Raising Red Flags

From our friends at DRGO

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[Ed: DRGO welcomes Dr. Dennis Petrocelli as one of us with this article . He is especially concerned with trends in his home state Virginia, which is a bell-weather purple state we should all be concerned about. And see his interview with Cam Edwards on Cam’s new gig at Bearing Arms (about 20 minutes in).]

Among the many misguided gun control proposals from Governor Northam is a so-called “Red Flag Law.” This measure may be the single greatest threat to our constitutional freedoms ever introduced in the Commonwealth of Virginia. His red flag law would give the Commonwealth power to remove a person’s firearms without any evidence a person is suffering from a prohibiting condition such as mental illness, drug addiction or criminality.

Under the Northam bill, the Commonwealth could simply claim a person is dangerous without any guidelines for defining what that means or in what time frame the person poses a risk. In other words, the Northam red flag law would create a gun control free-for-all.

Should this pass, I foresee law enforcement officers asking local judges to take away peoples’ guns with this claim: “Your Honor, this person bought five semiautomatic handguns in the past month and 3,000 rounds of ammunition.  We are of the opinion that this behavior comports with a substantial risk of harm in the near future by way of firearms.”

The Northam-supported bill, HB 4003, does not define what is meant by “near future.”  Generally speaking the legal term “imminent threat of harm” is limited to 24-72 hours. The term “near future” is not defined and could extend far beyond 72 hours.

As a Virginian and a clinical psychiatrist practicing in this field for nearly 20 years, I can assure you that no one can reasonably predict behavior beyond 72 hours. No one can assert with certainty that someone will be violent beyond 72 hours. Risk assessments beyond that, absent a well-known and documented history of past violence, calls for guesswork and speculation.

Based on what I heard at Northam’s gun control town hall meeting in Hampton, I am convinced that the governor and his allies in the state legislature are disingenuous at best and cannot be negotiated with. When asked at the public forum why the bill didn’t restrict more firearms, Secretary of Public Safety Brian Moran said, “Well, as we say in Boston, there is always next year.”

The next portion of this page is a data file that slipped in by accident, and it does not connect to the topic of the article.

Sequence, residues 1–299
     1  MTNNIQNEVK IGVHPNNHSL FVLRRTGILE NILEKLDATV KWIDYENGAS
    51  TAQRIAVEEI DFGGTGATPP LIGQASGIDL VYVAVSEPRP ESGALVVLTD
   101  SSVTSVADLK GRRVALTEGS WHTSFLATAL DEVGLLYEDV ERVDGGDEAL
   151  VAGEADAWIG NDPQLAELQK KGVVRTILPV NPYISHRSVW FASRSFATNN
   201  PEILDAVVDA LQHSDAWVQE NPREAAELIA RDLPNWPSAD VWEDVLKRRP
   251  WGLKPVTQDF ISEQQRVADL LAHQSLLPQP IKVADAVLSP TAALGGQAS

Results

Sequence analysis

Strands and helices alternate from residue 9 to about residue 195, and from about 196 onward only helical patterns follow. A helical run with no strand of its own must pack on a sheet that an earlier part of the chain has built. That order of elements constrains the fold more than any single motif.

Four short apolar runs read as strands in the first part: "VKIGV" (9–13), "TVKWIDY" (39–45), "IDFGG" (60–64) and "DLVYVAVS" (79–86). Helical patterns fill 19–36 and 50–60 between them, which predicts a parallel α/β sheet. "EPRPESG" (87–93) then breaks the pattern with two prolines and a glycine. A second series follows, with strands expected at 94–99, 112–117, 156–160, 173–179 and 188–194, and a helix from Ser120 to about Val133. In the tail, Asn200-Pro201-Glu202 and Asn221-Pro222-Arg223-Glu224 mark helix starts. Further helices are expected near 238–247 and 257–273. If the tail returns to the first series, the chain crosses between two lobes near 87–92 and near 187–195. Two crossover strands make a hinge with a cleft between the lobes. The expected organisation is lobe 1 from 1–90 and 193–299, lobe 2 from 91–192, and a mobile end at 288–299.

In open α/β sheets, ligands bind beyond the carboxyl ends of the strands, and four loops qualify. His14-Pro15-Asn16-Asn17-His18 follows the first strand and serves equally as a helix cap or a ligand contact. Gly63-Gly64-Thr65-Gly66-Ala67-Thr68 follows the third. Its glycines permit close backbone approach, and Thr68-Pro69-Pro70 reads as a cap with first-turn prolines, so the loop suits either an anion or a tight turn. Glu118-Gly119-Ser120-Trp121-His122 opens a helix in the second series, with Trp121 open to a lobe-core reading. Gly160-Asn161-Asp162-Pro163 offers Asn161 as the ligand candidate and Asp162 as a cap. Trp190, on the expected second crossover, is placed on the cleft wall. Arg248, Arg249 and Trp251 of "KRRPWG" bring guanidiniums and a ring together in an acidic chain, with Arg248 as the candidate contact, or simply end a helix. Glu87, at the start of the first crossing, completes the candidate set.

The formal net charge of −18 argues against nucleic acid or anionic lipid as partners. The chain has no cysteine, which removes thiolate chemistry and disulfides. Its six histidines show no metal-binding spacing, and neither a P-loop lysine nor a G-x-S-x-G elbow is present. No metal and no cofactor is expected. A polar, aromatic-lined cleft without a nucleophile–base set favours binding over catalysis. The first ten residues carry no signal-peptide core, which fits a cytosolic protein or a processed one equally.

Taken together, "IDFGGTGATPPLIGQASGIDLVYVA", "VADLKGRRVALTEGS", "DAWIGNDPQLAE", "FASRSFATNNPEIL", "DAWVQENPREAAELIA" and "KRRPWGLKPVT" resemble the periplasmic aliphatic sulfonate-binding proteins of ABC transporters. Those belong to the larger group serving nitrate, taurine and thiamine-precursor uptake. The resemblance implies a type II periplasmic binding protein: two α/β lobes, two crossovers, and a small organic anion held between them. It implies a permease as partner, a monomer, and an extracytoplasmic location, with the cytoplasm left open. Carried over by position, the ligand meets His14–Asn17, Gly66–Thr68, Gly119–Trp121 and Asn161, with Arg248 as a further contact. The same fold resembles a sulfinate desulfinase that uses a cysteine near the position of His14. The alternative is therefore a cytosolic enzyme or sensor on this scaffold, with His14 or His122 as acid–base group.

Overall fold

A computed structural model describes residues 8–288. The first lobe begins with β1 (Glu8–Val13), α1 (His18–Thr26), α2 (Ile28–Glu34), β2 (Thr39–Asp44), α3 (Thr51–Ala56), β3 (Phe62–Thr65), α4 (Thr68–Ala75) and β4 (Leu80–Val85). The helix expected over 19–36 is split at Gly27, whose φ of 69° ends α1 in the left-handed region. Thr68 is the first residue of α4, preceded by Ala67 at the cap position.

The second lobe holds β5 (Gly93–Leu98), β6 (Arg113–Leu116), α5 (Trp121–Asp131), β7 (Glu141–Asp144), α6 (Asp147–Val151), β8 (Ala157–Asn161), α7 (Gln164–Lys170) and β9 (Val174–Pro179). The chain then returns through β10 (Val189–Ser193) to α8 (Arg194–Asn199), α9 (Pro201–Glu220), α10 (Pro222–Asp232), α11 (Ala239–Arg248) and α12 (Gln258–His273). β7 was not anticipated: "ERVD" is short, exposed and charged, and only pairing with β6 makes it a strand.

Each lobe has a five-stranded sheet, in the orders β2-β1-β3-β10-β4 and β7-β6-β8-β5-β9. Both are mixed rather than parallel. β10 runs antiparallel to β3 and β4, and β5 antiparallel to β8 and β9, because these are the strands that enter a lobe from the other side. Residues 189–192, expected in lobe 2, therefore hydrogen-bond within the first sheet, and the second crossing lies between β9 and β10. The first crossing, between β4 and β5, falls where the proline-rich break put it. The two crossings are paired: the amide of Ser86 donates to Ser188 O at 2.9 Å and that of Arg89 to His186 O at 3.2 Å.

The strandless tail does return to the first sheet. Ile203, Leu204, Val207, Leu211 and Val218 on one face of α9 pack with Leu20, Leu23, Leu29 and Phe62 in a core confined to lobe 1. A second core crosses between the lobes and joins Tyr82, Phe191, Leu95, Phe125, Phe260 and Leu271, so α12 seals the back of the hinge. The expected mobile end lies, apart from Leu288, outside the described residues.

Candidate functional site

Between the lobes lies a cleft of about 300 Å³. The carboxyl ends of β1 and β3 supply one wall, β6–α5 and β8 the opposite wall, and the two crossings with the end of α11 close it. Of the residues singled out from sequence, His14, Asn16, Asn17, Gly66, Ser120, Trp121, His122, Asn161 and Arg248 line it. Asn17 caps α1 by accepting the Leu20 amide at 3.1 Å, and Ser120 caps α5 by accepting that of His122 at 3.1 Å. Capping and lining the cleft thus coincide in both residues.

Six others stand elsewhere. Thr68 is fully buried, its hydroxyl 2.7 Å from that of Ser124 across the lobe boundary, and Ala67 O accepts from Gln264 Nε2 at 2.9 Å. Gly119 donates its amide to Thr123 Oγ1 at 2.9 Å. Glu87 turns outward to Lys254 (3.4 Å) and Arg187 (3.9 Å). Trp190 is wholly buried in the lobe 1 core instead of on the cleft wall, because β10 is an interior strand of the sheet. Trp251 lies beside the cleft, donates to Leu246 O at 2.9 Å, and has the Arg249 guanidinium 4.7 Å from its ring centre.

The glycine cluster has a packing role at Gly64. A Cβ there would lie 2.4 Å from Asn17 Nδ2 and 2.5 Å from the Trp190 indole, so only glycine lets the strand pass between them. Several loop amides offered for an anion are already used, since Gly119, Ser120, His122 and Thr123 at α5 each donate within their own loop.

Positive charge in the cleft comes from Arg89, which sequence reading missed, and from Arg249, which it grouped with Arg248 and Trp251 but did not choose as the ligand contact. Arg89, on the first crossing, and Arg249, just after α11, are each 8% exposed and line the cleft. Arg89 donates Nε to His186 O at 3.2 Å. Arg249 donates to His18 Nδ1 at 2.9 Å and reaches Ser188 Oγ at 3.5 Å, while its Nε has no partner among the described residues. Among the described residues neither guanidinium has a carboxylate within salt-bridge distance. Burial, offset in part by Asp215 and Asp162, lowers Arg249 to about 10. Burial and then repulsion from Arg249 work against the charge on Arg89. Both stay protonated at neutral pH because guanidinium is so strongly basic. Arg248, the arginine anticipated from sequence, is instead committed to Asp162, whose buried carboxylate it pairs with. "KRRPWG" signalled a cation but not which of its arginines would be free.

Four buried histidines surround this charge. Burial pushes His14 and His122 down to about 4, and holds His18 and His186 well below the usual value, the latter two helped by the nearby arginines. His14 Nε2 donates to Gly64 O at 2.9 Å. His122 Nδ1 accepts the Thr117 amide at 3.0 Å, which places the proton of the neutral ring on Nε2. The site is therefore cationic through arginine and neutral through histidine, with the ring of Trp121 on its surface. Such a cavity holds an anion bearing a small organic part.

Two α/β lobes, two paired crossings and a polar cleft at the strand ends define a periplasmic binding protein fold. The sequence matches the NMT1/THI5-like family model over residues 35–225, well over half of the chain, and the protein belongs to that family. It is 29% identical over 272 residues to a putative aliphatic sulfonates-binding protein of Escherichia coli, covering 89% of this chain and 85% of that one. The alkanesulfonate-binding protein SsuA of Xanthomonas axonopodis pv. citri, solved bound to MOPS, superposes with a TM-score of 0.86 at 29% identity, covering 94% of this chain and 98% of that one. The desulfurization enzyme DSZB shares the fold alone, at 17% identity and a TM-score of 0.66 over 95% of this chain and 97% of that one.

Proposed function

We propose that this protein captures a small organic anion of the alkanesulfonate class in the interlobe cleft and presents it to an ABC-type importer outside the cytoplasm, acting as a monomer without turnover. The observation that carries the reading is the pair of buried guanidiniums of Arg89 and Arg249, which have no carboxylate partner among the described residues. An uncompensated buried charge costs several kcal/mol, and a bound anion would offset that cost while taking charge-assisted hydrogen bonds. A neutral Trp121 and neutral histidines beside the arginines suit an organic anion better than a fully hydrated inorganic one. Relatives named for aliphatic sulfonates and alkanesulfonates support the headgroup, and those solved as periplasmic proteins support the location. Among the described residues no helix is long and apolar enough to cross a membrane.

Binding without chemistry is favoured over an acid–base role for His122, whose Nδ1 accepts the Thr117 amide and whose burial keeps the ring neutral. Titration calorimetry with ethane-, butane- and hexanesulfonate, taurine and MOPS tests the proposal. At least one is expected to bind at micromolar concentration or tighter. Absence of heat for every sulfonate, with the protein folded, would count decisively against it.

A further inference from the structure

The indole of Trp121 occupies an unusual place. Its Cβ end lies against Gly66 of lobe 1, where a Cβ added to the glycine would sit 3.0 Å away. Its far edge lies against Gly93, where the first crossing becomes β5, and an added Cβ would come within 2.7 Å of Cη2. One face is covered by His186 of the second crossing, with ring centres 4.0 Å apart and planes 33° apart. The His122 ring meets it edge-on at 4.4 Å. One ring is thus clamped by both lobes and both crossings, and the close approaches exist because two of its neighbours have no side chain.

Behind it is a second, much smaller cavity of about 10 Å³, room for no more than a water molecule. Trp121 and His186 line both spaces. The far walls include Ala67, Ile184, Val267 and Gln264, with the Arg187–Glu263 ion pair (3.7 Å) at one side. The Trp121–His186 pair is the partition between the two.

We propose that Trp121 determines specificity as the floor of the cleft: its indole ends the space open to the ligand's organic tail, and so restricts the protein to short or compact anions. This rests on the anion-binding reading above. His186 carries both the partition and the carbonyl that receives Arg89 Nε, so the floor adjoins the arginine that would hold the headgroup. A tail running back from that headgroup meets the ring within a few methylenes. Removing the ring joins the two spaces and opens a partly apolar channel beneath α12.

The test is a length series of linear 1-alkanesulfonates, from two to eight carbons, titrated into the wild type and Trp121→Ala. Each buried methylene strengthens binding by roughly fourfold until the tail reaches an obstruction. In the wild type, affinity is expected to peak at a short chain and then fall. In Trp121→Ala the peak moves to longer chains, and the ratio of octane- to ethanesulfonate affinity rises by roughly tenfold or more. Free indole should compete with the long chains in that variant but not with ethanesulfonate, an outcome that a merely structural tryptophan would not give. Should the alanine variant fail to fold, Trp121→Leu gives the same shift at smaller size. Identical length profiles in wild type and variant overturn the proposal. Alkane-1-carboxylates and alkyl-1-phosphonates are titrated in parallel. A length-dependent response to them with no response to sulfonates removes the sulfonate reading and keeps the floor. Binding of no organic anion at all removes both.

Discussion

Moran clearly committed a political gaffe with his answer (that’s when a politician tells the truth, an obvious truth he wasn’t supposed to say. Clearly, gun control advocates in Virginia aren’t going to stop with their current gun control schemes–these are just the start.

The Northam red flag bill opens the door to gun confiscation based upon vague allegations of risk with no basis in medical science. Rather than seek to modify the current red flag proposal in the legislature by trying to include due process protections, Virginians need to know about two legal means already in place to prevent violence.  The first is the Emergency Custody Order/Temporary Detention Order (ECO/TDO) process.  If a person is involuntary committed after a full hearing, his/her Second Amendment rights are curtailed until a court restores them.

The second option is that if when a person engages in criminally dangerous conduct, that conduct needs to be pursued by law enforcement. Criminal conviction and terms of probation already can include firearms removal.

When a coworker, friend, neighbor, or family member engages in behavior that is of concern, it is imperative to alert a supervisor if relevant and go to local law enforcement for directions on how to file a petition with the local magistrate to initiate either the mental health assessment or the criminal justice process. Constitutional legal process works when it is activated by concerned and conscientious citizens acting in good faith for the good of the community.

We can all agree that those who are dangerously mentally ill and pose a risk to themselves or others should not have access to firearms. But red flag laws do an end-run around the Constitution and pose what could be the greatest threat to our freedoms ever faced in the Commonwealth of Virginia.

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–Dennis Petrocelli, MD is a clinical and forensic psychiatrist who has practiced for nearly 20 years in Virginia. He took up shooting in 2019 for mind-body training and self-defense, and is joining the fight for Virginians’ gun rights.

DRGO
Doctors for Responsible Gun Ownership (DRGO) is a project launched in 1994 in response to a coordinated public health campaign against gun rights. DRGO is now a nationwide network of physicians, allied health professionals, scientists, and others who support the safe and lawful use of firearms. DRGO’s members include experts in public health, firearm technology, gun safety education, and tactical medicine.